thesis is a draconian practice, and that it can be something fun and exciting.
In the meantime, as only a very small audience will be reading The Tie-Dye Binder, the early benefits
are mostly about self-improvement—the blog will allow me to work on skills
relevant to being a historian in the 21st century, such as writing
for a public audience and communicating history through a variety of different
Because the blog posts I am writing deal with people
who are still living, there are certainly some privacy issues to be concerned
with. Now that I am further along into graduate school I have realized the
importance of asking for permission to use a person’s responses for any future academic work—for some of my
earlier interviews, I had asked if I may use their responses for my master’s
thesis specifically, which reaches a more limited audience than WordPress. For
this reason, unless it is someone who gave me explicit permission to use their
name in any way that I choose, I will be using either pseudonyms or referring
to them in a vague manner.
For now, The Tie-Dye
Binder will only feature written posts by me, but now that I have honed my
thesis to being a microhistory on the counterculture of Atlanta, I hope to conduct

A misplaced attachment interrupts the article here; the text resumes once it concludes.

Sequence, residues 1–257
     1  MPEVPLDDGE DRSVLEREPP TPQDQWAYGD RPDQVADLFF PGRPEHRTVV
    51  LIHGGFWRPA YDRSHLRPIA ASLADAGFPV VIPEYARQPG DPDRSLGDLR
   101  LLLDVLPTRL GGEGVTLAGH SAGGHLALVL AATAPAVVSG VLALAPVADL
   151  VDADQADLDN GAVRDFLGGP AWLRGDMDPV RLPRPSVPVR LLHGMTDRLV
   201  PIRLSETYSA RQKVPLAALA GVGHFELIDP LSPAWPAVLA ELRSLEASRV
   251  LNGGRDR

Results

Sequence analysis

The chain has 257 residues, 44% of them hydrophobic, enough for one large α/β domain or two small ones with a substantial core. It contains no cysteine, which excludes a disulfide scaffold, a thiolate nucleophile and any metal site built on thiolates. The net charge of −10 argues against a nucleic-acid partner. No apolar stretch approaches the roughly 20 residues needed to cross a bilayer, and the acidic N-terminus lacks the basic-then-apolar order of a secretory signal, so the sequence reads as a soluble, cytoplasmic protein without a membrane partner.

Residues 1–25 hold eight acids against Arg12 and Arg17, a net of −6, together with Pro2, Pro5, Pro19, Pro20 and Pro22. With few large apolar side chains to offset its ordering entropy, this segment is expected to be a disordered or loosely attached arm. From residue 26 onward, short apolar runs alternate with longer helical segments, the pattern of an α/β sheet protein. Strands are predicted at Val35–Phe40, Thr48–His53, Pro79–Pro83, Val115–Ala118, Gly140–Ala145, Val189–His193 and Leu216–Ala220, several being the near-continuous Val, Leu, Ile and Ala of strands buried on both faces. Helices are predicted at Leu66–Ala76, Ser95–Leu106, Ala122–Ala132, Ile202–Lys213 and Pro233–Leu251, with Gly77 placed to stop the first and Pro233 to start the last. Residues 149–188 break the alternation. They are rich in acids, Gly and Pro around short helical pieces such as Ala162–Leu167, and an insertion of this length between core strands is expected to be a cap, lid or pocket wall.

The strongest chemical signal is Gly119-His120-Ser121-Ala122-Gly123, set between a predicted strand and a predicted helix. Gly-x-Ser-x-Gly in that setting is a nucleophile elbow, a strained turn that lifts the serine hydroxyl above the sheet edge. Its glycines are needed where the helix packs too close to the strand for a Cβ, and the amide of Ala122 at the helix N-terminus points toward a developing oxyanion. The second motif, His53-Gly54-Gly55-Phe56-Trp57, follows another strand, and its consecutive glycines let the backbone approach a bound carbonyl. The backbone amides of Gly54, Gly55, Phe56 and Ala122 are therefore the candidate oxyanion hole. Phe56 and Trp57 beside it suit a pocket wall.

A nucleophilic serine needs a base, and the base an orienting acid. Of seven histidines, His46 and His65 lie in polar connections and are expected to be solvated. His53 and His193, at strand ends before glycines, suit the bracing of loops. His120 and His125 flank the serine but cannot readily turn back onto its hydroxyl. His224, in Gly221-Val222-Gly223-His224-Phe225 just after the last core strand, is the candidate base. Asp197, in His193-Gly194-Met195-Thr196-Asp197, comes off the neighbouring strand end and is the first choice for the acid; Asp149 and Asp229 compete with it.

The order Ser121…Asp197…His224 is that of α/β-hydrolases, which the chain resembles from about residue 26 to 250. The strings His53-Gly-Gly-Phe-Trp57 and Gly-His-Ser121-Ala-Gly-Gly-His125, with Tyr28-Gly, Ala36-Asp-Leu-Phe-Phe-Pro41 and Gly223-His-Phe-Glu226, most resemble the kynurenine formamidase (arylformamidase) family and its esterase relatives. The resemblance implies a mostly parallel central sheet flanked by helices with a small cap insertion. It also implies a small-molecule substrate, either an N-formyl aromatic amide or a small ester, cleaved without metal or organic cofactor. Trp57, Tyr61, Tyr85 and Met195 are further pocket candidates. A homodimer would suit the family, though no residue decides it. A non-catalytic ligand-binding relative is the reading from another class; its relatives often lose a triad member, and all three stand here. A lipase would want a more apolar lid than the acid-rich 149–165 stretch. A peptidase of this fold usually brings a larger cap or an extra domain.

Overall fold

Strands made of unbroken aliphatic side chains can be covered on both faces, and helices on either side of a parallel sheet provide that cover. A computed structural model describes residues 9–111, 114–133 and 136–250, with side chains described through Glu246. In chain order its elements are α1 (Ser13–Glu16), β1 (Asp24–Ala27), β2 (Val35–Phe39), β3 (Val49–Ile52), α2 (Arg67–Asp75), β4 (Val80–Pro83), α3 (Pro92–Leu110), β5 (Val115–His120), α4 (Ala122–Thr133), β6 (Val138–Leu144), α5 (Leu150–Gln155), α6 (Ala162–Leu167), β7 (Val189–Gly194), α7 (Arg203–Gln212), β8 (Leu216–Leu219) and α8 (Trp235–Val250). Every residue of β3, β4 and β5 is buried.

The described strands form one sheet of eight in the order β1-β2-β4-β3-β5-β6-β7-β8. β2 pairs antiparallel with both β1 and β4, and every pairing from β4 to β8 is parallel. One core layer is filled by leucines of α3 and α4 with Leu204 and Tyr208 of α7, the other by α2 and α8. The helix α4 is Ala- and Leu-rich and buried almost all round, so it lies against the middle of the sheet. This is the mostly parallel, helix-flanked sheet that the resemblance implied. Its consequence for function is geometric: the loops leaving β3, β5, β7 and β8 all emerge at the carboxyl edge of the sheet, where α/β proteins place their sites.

video interviews with people over the summer, and perhaps index them using the
Oral History Metadata Synchronizer, or edit the interview to only show snippets
that are relevant to my posts, and embed them on The Tie-Dye Binder. The benefit here is that it will allow the audience
to see the interview in real time, and it will be an excellent accompaniment to
the posts I make. If I do end up posting the videos, I will certainly need to
gain permission from the interviewees, as it will remove their potential
Richard Lochead, “Three Approaches to Oral History: The Journalistic, the
Academic, and the Archival.” Canadian Oral History Association Journal 1 (1975):
5. Accessed March 22, 2019.
 Kritika Agarwal, “Want to Write for the AHA?” Perspectives On History, March 27, 2018, accessed March 20, 2019, https://www.historians.org/publications-and-directories/perspectives-on-history/march-2018/want-to-write-for-the-aha-apply-today-to-become-a-summer-blogger.
“Kissing Cousins: Journalism and Oral History.” The Oral History
Review 31, no. 1 (2004): 1-22. http://www.jstor.org/stable/3675528.
“Three Approaches to Oral History: The Journalistic, the Academic, and the
Archival.” Canadian Oral History Association Journal 1 (1975): 5-12.
Accessed March 22, 2019.
O’Brien, Keith. “The
Power of Oral History as Journalism.” Nieman Foundation. May 5, 2016.
Accessed March 22, 2019.
Wen, Shuang. “Two
Sides of the Story: How Historians and Journalists Can Work Together.”
Perspectives on History, October 1, 2015. Accessed March 22, 2019. https://www.historians.org/publications-and-directories/perspectives-on-history/october-2015/two-sides-of-the-story-how-historians-and-journalists-can-work-together.
Zoellick, Robert B.
“Journalists as Historians.” Foreign Policy, no. 98 (1995): 198-202.